‘Hub Singapore’ in the limelight of Gulf investors

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export SingaporeAs the GCC-Singapore Free Trade Agreement (GSFTA) came into force on September 1, 2013, Gulf companies and especially Qatari investors are expected to flock to the small Southeast Asian city state that is strategically located within the region.

First of all, the trade agreement will push oil and gas trade between the Gulf and Southeast Asia via Singapore. Already one of the most important transit points in the global energy trade, Singapore will see an even higher percentage of the oil and gas pass its coastline over the next couple of decades as the center of global energy demand shifts toward Asia from the US, and Singapore has already been made a hub for Qatari gas export to the region whose volume is expected to surge as Qatar is seeking to shift its gas trade away from conventional channels to the West.

Furthermore, the Malacca Strait between Malacca and Singapore is expected to carry as much as 45 per cent of global crude trade by 2035, according to the International Energy Agency, or 16.5 million barrels per day, up from 12 million barrels per day in 2012. The strait connects the Indian Ocean to the South China Sea and Pacific Ocean and is the shortest sea route between major oil and gas producers in the Arabian Gulf and the fast-growing Asia-Pacific market.

It is obvious that this opens not only tremendous opportunities in oil and gas trade, but also in investments into Singapore’s ports and refineries that are eager to cement their leading position against other upcoming Asian oil and gas trading hub such as ports in Malaysia or China’s southern cost including Shanghai.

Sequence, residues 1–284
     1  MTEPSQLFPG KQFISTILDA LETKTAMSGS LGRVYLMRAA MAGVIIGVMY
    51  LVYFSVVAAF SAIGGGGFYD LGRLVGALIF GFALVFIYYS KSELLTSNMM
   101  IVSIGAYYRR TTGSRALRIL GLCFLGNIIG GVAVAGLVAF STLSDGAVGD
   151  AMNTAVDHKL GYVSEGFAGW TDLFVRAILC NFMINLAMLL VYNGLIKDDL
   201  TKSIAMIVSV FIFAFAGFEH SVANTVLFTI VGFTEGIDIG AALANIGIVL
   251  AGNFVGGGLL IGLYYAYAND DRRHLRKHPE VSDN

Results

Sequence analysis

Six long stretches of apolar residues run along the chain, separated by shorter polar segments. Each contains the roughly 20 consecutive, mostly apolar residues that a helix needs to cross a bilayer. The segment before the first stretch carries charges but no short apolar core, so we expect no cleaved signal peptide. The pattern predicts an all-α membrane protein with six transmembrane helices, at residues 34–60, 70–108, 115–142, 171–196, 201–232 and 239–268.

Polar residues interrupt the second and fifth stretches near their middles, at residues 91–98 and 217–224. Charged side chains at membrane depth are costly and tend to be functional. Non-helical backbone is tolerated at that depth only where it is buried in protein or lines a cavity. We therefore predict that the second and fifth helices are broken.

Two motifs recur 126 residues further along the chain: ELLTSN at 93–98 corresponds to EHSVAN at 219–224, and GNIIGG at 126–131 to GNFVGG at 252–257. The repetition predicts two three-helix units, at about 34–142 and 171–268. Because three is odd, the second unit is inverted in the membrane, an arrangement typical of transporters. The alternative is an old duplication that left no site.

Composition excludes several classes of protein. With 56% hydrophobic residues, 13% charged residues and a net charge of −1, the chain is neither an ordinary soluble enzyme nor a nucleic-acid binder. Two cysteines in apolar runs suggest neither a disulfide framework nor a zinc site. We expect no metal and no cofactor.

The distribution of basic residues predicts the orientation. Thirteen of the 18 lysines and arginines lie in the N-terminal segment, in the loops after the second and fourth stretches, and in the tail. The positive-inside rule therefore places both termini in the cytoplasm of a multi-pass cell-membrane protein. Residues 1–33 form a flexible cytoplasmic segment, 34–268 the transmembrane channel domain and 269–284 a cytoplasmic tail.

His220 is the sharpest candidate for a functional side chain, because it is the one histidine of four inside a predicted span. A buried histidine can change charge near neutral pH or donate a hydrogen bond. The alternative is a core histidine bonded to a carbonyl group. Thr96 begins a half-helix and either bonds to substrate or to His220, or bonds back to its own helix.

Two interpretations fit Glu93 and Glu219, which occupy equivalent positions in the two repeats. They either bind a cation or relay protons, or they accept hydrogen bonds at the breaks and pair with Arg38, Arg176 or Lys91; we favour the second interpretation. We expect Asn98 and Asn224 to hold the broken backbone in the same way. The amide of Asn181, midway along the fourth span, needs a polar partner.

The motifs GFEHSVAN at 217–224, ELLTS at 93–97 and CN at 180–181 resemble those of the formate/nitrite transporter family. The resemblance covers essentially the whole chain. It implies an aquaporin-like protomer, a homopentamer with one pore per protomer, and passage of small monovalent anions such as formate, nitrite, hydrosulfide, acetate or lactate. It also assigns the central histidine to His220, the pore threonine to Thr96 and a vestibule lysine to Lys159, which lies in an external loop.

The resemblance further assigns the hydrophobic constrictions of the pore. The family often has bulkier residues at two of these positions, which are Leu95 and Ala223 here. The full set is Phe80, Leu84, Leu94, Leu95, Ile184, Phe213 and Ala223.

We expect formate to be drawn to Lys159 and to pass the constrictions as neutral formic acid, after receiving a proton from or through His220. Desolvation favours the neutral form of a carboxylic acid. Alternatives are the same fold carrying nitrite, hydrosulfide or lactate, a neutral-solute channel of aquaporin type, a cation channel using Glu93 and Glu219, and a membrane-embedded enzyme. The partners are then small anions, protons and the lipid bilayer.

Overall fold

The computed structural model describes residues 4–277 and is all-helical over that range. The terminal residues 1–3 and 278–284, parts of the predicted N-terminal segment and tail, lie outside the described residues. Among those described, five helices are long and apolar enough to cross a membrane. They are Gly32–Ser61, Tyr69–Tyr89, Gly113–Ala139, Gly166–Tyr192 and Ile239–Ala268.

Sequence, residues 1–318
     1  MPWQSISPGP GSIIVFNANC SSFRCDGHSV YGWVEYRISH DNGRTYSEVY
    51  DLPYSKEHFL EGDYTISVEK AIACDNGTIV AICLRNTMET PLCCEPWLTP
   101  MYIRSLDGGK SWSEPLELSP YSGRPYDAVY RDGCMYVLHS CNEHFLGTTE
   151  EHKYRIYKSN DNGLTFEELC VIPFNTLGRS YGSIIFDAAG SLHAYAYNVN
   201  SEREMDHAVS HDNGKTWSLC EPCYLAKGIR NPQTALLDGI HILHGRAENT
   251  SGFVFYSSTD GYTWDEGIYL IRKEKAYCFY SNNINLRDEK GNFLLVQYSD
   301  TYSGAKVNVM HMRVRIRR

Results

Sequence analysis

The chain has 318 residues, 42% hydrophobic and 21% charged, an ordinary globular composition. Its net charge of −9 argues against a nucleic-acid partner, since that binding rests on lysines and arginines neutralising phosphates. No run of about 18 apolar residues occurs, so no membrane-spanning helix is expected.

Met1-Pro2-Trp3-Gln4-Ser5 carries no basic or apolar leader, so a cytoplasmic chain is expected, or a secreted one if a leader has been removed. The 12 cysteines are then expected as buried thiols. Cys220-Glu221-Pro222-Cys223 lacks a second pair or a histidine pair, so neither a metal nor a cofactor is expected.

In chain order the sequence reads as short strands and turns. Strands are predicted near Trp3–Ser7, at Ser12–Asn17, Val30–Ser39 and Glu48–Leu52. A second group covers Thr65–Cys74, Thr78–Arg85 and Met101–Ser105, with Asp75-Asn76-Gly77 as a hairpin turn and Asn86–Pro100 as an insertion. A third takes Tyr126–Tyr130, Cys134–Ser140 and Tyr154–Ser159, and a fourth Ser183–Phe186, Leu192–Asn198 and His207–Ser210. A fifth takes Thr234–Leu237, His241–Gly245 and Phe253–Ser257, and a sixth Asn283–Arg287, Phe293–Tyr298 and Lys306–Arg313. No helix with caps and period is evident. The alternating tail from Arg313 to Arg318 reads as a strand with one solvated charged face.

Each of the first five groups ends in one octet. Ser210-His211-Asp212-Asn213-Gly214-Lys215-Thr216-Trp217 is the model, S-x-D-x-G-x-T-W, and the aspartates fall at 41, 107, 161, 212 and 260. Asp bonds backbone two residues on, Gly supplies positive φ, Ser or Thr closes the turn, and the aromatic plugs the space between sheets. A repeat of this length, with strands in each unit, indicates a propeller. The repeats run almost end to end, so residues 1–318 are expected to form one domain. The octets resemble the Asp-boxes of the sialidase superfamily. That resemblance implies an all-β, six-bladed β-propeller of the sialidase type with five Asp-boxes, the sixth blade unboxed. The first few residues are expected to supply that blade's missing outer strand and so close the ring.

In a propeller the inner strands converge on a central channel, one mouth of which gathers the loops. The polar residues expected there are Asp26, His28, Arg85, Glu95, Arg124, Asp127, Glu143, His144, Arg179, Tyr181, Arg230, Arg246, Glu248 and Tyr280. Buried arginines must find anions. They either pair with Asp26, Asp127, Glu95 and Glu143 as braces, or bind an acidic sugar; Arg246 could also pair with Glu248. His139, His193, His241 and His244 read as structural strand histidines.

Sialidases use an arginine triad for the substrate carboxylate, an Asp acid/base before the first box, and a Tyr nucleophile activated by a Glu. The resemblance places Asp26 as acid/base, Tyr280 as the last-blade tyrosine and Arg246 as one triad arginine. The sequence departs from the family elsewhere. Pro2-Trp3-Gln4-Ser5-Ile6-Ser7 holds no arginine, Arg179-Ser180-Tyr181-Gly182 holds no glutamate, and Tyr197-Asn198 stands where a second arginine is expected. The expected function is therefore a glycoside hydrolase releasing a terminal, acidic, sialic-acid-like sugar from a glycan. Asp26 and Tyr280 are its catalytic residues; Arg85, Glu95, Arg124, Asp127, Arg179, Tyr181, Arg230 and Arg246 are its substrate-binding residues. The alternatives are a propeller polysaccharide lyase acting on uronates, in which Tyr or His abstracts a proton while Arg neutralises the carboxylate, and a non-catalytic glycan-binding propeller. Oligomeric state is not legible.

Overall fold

Apart from the hydrocarbon trade, Singapore with its highly developed industry and skilled workforce opens a number of other opportunities in areas such as telecommunications, electrical and electronic equipment, jewellery, machinery and iron and steel-related industries such as shipbuilding, as well as infrastructure, in which Qatari and Singaporean businesses can easily establish and enhance co-operation. In the free trade agreement, the Gulf Cooperation Council (GCC) has also committed to recognising the Singapore MUIS Halal Standards as similar and consistent to their own domestic halal standards, indicating potential in halal food and services trade.

The GSFTA is a role model for trade relations between the Gulf countries and the Association of Southeast Asian Nation, or ASEAN. Singapore is the first non-Middle East country to have a free trade agreement with the GCC, and this will bring the economic relations between the GCC not only with the city state, but with the entire region to a new level.

Are you expanding your business to Southeast Asia? Would you choose Singapore as an entry point? Let us know your experience through Twitter: @insideinvestor

This comment is part of Inside Investor’s weekly column series in Qatar’s leading newspaper Gulf Times and is published every Sunday.

Gulf Times

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Reading Time: 2 minutes